The UAE does not have a paid-in minimum capital requirement for establishing a limited liability company.

The procedure for setting up a business in UAE (including Dubai) is as follows:

WOMEN ONLY: Obtain Husband’s Approval to Leave the Marital Home

Under the Personal Status law, articles 71 and 72, a wife must seek her husband’s approval to leave the marital home. Wives risk losing their maintenance if they refuse to move to the marital home, leave the marital home, prevent the husband from entering the marital home, or refuse to travel with the husband without a legitimate excuse.

Under these laws, wives are also required to be obedient to their husbands, maintain the home and breastfeed the children unless there is an impediment.

Women may be considered disobedient if they decide to engage in activities without first getting consent from their husbands.

Reserve a Company Name, Apply for Registration at the DED, and Notarize MoA

In order to register an LLC and obtain a general trade license, the entrepreneur must complete an online application using the Instant License service. The application is made available by the Dubai Department of Economic Development.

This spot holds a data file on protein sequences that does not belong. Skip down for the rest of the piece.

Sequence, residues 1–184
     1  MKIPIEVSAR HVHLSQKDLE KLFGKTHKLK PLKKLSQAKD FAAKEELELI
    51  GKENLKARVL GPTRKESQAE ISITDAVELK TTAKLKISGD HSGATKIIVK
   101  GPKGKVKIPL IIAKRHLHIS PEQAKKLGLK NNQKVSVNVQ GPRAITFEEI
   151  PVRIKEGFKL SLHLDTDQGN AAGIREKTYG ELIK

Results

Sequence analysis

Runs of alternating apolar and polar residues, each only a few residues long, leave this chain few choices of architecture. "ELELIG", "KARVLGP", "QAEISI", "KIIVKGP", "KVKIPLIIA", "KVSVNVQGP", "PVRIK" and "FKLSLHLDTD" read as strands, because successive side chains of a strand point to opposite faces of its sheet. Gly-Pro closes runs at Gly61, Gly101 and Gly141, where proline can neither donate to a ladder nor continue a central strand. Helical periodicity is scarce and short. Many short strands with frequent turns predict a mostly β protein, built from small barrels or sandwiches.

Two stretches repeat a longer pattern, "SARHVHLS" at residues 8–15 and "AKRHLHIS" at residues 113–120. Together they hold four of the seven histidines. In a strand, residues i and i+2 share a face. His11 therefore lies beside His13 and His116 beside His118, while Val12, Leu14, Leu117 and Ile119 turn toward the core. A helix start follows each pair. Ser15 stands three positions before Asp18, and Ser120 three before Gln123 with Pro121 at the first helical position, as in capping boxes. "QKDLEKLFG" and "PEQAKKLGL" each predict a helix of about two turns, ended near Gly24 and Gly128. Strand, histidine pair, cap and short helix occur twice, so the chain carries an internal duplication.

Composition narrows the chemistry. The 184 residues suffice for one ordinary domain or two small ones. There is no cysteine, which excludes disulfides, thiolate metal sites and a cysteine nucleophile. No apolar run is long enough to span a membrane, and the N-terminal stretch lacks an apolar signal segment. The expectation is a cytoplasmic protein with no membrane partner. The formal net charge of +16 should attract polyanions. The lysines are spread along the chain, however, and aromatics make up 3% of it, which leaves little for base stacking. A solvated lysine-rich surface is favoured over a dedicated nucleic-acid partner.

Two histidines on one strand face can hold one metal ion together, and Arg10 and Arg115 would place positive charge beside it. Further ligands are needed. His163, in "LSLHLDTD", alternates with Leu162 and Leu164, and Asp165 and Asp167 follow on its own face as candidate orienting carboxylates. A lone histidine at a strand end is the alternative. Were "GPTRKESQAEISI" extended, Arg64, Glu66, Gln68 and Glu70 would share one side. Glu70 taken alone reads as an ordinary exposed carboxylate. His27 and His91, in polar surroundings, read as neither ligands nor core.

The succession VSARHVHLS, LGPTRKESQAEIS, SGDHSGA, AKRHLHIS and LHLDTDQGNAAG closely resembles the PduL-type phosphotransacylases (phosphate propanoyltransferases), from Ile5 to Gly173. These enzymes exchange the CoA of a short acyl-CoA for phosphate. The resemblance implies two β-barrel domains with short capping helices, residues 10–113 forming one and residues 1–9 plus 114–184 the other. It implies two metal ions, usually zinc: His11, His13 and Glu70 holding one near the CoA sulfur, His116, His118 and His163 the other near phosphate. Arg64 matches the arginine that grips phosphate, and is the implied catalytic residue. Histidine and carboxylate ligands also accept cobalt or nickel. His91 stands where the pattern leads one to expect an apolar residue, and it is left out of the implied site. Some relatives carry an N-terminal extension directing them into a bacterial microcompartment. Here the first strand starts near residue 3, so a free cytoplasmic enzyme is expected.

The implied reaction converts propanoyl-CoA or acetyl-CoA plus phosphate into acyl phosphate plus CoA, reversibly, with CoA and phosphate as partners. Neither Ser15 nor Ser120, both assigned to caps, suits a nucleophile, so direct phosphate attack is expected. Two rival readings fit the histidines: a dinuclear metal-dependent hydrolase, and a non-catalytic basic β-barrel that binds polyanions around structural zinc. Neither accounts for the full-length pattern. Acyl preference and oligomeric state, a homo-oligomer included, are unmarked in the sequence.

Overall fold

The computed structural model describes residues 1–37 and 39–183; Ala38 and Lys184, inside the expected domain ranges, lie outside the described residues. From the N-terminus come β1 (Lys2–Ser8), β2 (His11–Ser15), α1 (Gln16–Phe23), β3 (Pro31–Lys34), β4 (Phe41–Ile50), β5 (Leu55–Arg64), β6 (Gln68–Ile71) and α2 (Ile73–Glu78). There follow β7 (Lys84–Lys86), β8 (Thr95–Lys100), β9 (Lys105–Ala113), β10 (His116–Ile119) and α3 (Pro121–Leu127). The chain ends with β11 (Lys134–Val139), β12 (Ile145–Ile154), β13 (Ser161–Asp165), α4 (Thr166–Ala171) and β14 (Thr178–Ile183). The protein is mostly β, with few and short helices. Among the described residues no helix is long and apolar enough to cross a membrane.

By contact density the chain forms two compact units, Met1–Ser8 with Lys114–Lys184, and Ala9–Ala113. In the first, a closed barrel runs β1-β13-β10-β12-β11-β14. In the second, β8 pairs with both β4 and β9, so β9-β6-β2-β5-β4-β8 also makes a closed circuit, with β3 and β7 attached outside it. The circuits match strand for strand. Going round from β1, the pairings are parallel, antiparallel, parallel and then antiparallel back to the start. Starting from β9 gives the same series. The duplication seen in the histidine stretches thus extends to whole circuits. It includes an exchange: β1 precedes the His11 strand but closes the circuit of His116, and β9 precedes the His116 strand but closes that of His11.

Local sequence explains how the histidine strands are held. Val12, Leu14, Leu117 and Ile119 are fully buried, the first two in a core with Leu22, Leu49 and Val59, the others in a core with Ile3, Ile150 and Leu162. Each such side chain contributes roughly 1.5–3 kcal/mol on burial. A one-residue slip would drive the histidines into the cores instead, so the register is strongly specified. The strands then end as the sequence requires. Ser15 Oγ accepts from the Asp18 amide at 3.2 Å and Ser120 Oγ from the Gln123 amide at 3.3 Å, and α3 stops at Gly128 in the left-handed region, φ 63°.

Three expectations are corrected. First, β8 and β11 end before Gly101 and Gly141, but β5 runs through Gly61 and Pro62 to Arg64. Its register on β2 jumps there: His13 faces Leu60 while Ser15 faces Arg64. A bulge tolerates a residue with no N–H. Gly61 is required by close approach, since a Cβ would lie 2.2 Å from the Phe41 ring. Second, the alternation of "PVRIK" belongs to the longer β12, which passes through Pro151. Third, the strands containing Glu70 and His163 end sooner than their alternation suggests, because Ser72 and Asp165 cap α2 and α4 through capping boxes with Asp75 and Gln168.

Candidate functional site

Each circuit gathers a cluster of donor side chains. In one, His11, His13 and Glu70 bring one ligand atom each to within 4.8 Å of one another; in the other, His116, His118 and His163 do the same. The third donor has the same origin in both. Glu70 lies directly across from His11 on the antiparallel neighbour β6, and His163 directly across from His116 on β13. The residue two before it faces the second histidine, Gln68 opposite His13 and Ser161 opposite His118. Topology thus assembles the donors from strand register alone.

Once the online application is complete, the entrepreneur will receive an establishment card reference number from the Ministry of Human Resources and Emiratisation. Additionally, the entrepreneur will automatically be registered for membership at the Dubai Chamber of Commerce and Industry.

The Instant License application will require the following steps:

  • Choosing a legal form.
  • Choosing business activities.
  • Adding partners and identifying:
    • Distribution of profits and losses among partners
    • Partners’ shares in the Capital
  • Reserve a trade name by either:
    • Reserving a new name
    • Choosing an automatically generated name consisting of the trade name reservation number